William sobbed pitifully for awhile after he realized there were no binkies drifting between the stuffed animals in the crib. I looked at David and raised my eyebrow. "He doesn't need one anymore," he said defensively.

I love how David has decided what William needs to go to sleep. Can you imagine how David would react if someone else decided what David needs to go to sleep!? I mean, we, the parents, make all the decisions for William: what pajamas he wears, what stuffed animals stay in the crib, even whether to leave the ceiling fan on at night. It's appropriate that we make all the decisions. But is it really so bad to let him choose to use a binky or not? Is it so terrible to give him a tiny bit of control over something so small?

David said something about William needing braces one day if we didn't act now. I muttered something back about how any kid of ours was going to need braces no matter what. But I didn't do anything.

So, as the crying escalated, David and I each took a turn going into William's room. We patted his head and back, handed Natty to him and draped his frog blanket over him. He finally settled down, putting his head down on the mattress and clutching Natty to his chest. I held my breath as I tiptoed out of his room. I sat down in front of the computer in our home office, and leaned sideways, wondering if I was hearing some fussing. Luckily, William must have been tired enough to drop off to sleep.

At 12:30 p.m., the sound of angry crying roused me out of a deep slumber. Confused, I rolled over in bed. David heard the crying, too. "This was your idea," I muttered. "It's your turn." David stumbled out of our room. When he returned, he said something about still not giving him the binky. "You can put this on your blog," he said. "You can write about how mean David took away William's binkies."

I decided right then that if I had to make a trip down the hall in the middle of the night, my son was getting his binky. I had enough nights of interrupted sleep when I was getting up and down to breastfeed. At least that served a purpose.

But the next thing I knew, National Public Radio was blaring across our bedroom. David turned off his alarm clock and headed for the shower. There had been no more middle-of-the-night wakeups. Hallelujah! I gleefully told my friends Emoke and Phuong at lunch how William managed to make it a whole night without his pacifier.

As an experiment, I put William down for his afternoon nap today without a binky. He was already pretty groggy, haven fallen asleep in the car on the way home from lunch. I honestly didn't expect him to give into a binky-free nap, but so far, so good. Maybe this really will work. Maybe William really doesn't need a binky anymore. Maybe Natty and the frog blanky are comforting enough.

But I'm still taking a couple of binkies with me to Natchez this week.

Friday, October 12, 2007

Keep the streak alive

We have now gone two full weeks without darkening the doorstep of the pediatrician's office. Go, us! Maybe we can make it three full weeks. Who here's a betting man?

That is, I think we can make it three full weeks if William doesn't contract something, like, oh say, anthrax. See, we went to the zoo Thursday. It was the perfect fall day, and I was itching to get outside. We just meandered around, checked out whatever was in our path. And William got to pet a sheep!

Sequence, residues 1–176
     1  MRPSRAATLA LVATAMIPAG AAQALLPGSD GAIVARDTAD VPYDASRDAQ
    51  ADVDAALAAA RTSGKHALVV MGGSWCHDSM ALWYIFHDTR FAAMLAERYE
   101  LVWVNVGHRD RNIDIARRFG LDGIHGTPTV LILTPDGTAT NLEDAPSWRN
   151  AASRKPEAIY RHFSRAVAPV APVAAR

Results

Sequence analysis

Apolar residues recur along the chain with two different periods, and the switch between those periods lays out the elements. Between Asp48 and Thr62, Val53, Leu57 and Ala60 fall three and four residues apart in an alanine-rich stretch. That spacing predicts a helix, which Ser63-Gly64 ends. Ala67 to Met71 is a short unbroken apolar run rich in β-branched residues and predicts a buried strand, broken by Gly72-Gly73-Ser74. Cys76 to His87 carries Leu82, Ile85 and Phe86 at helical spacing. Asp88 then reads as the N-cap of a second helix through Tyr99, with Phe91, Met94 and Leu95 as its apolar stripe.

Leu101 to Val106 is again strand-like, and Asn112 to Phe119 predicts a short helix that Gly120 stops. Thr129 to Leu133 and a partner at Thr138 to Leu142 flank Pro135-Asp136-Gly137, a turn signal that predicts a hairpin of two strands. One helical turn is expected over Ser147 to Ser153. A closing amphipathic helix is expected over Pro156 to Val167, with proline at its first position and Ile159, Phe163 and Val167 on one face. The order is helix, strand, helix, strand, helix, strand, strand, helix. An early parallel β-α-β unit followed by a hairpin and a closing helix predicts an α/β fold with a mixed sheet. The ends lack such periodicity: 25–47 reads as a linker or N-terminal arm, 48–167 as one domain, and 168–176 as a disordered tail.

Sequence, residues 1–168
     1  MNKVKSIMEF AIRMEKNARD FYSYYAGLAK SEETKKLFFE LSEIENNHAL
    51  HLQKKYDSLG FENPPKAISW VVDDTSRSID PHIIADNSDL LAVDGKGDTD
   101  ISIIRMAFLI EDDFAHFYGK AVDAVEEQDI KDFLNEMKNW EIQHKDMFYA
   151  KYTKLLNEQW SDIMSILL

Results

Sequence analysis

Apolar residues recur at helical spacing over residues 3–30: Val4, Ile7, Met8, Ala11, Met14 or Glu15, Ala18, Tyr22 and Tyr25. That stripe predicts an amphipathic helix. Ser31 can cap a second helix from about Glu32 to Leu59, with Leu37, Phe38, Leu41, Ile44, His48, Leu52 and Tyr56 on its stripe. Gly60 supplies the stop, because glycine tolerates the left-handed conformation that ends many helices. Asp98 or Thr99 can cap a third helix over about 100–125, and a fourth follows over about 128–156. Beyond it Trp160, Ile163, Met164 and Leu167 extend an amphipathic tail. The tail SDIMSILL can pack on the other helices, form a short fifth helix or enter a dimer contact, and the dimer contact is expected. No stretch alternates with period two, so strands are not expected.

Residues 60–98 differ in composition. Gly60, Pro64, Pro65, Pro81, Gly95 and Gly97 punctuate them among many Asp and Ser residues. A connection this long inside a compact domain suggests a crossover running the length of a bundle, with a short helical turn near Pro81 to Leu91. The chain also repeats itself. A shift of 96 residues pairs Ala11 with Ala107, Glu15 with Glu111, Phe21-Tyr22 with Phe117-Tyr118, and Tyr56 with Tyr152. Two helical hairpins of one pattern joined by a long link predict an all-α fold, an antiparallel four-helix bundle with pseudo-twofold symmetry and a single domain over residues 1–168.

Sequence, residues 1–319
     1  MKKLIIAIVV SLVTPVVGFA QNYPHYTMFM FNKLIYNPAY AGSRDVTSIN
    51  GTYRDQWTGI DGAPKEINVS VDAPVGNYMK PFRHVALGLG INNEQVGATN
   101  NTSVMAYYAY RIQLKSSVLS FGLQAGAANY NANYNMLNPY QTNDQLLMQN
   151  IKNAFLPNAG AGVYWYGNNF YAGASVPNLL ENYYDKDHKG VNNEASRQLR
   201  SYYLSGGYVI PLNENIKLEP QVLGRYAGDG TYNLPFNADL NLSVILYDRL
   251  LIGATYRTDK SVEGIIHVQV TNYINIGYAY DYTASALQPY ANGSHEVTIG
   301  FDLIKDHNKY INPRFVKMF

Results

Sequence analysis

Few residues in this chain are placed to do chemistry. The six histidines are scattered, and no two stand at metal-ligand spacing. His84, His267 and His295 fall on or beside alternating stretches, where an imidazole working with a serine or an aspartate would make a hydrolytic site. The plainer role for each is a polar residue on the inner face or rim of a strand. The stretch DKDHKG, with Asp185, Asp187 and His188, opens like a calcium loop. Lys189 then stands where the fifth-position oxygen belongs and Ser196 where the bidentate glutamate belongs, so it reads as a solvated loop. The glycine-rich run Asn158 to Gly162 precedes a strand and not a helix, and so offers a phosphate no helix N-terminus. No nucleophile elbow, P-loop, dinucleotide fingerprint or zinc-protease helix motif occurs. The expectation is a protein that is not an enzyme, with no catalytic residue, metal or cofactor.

Afterward, David says to me, "Make sure you wash his hands really well before he eats, just in case the sheep has anthrax." I think he was kidding. I think.

I mean, who's the most likely person to contract some really weird disease? Hello, the doctor's kid!

Checking out the elephants:

Two boys, out for a leisurely stroll:

Thursday, October 11, 2007

What's in your purse?

Some people (fashionistas) can tell a lot about a woman by what kind of purse she carries. Well, I see an important corollary to that theory: you can tell a lot about a woman by what she carries in her purse. It's like that credit card commercial slogan: what's in YOUR purse?

When Miller was visiting a few weeks ago, she was very amused by the choice of reading material that I carry around in my sizeable purse. Once upon a time, I might have carried a novel, perhaps something reasonably challenging. Now, if I so desire, I can choose from "Colors!" and "Mr. Brown Can Moo! Can You?"

Yep, a key sign that you're a mother: your purse is stuffed with board books and small boxes of raisins. And a dusty binky at the very bottom, to be used only for extreme emergencies. Used to be, I carried around about forty-eleven lipsticks, but now I have raisins. Okay, the truth is I still carry around a bunch of lipsticks in my purse, just only about six or seven, but I also stuff in the boxes of raisins and board books. At least I only have one cell phone now, though. That helps.

Also, I am never without a package of Wet Ones. And also a small bottle of Purell. I never bothered with these things, pre-baby. I mean, I was a big girl. I could wash my hands in the sink. Now I won't leave home without them. I can actually feel a frisson of panic when I get down to the last couple of Wet Ones in the travel case if I don't have a spare pack stuffed in there, too. Have you ever tried to hoist a squirming, excited 27-pound toddler who's wiggling all three thousand of his arms and legs up to a (sopping wet) sink counter in a public restroom and tried to wash his hands? Uh huh. And then you have to deal with the drying issue. Hot air blowers? Perhaps not. Wet Ones are my friend, my loyal friend.